Children with Hooded Grebe Passion
Melina came back from the center walking with her mother, Andrea Ibáñez. It was late, a Saturday at three AM, but it
was nice, the weather allowed it. They were arriving
at Chaco Street, it was quite dark, when they see a bird
lying on the ground and the mother says: "It's a pigeon". Melina's reaction was immediate: "No, mom! It's a Hooded grebe! We have to take it, it is in danger of extinction! "
The sensitivity and knowledge of a 10-year-old girl put in motion the mechanisms to help this small bird.
In order to provide adequate attention to the small hooded grebe that Melina clearly identified, intervention was given to the Wildlife Directorate of the Provincial Agrarian Council for being the Application Authority that intervenes in these cases, and then was taken by Emanuel Tiberi , conservation agent of Ambiente sur and reference of the hooded grebe Project, to the veterinary of Juan Pablo Tomatis.
The excitement of Emanuel and the professional was great: it was the first time that both had literally in their hands this beautiful bird and both were well aware of the enormous responsibility that competed them to be an endangered species.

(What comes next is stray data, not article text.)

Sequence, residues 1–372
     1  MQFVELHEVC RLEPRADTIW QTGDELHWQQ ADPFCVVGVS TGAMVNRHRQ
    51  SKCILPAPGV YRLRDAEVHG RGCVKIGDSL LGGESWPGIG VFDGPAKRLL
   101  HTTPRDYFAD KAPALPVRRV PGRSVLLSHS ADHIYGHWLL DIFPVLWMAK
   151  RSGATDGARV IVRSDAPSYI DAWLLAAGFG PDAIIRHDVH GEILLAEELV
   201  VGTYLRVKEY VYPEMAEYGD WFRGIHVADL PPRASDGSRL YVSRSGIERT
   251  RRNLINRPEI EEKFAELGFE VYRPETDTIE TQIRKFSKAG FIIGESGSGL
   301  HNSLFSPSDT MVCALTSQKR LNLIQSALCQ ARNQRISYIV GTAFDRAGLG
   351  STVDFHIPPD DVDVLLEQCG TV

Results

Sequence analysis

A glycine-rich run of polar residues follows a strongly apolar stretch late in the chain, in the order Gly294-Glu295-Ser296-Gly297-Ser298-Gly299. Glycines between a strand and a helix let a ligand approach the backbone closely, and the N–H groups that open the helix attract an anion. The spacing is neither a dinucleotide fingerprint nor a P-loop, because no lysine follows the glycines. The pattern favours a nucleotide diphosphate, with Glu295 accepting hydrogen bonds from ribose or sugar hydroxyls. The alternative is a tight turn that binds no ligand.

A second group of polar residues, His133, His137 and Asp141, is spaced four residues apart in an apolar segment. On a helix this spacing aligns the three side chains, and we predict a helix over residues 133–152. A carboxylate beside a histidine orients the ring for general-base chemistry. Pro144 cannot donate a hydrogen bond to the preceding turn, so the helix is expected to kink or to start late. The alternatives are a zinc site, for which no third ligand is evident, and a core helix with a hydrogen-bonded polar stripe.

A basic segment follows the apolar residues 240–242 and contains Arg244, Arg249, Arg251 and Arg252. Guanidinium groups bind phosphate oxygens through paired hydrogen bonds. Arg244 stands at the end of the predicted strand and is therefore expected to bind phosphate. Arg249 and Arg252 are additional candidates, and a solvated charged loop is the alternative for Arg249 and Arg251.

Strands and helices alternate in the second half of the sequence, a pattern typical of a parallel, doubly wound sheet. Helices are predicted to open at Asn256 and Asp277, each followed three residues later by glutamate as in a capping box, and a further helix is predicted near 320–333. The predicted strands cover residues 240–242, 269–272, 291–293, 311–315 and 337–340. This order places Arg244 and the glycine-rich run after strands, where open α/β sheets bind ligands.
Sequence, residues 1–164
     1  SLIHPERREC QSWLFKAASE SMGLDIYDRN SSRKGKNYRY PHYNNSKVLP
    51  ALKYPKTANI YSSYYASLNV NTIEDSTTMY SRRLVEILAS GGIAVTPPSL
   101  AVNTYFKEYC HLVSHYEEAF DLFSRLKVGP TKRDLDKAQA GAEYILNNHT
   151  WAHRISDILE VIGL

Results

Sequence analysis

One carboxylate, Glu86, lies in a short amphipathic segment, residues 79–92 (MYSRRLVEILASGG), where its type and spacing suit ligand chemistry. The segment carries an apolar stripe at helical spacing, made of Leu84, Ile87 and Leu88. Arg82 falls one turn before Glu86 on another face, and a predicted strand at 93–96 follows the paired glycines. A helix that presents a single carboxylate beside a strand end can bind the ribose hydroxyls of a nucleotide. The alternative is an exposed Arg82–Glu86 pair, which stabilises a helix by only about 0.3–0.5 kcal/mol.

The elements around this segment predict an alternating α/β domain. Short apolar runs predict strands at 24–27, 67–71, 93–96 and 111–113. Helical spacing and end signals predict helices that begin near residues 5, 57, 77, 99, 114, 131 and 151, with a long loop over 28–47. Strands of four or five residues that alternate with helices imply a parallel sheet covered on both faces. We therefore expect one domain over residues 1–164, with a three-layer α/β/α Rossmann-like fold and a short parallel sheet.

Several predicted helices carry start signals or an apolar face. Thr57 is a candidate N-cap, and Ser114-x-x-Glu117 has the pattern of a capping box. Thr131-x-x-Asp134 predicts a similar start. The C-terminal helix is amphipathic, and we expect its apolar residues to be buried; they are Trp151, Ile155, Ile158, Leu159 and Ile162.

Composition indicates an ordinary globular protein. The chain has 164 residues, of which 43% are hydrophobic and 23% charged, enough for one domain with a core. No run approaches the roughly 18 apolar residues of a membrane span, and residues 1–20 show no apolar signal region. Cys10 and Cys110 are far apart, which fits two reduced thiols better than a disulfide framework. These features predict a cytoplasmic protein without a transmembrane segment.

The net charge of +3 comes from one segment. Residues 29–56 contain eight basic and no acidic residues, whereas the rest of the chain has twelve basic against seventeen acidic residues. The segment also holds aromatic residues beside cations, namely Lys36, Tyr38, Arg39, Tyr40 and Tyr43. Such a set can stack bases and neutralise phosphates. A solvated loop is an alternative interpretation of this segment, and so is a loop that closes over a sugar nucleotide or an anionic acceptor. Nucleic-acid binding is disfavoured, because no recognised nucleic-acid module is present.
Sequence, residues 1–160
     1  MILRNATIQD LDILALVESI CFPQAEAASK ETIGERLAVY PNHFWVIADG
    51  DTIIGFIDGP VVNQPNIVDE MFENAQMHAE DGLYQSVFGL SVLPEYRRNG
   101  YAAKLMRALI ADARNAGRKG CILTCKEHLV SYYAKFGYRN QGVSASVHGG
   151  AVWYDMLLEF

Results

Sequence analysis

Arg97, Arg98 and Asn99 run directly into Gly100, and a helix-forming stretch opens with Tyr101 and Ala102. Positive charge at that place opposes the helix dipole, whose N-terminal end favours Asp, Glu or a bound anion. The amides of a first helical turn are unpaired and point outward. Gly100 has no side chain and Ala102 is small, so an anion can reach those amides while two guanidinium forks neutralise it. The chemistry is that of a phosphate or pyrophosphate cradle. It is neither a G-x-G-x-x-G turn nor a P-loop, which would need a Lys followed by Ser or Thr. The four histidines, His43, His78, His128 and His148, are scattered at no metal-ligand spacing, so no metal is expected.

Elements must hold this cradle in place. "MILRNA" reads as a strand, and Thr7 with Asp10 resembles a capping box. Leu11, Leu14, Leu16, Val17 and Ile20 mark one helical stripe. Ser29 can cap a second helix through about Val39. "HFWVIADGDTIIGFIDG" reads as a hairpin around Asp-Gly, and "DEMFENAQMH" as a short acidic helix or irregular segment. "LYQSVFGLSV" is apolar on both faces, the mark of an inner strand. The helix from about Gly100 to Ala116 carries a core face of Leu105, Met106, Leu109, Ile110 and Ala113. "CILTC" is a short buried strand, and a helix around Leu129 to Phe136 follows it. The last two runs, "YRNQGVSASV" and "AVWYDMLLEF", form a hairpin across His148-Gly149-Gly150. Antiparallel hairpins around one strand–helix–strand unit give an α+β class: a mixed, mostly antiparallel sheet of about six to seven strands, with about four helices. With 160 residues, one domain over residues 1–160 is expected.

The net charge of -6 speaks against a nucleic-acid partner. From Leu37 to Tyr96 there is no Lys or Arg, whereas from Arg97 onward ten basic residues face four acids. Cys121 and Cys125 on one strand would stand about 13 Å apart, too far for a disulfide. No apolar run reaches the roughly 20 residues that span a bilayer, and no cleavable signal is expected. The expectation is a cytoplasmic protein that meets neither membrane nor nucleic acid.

The Hodded Grebe fell in the middle of the city, outside the environment that is his own, perhaps disoriented by artificial lights similar to those of the stars that guide his route. Although the response was rapid and the necessary measures were taken, it was not possible to save it.
"I value the possibility for all South Environment staff to experience an approach to an animal that is in danger of extinction, which is a natural monument and an emblem of the institution."
"This is an experience and an experience that we can add to the conversations about Hooded Grebe, I could have it in my hands, understand why the shape of its legs, its gallantry and I saw what it aroused in children".
"This allowed us to confirm that the environmental education work we do from Ambiente Sur is bearing fruit and, in that sense, we should be more than satisfied with everything that has been done."
"On the other hand, it was valuable to learn how to act in these cases; The veterinarian shared with us knowledge of how to feed him or how to apply a catheter. This experience allows us to continue researching and knowing the species. "
— Emanuel Tiberi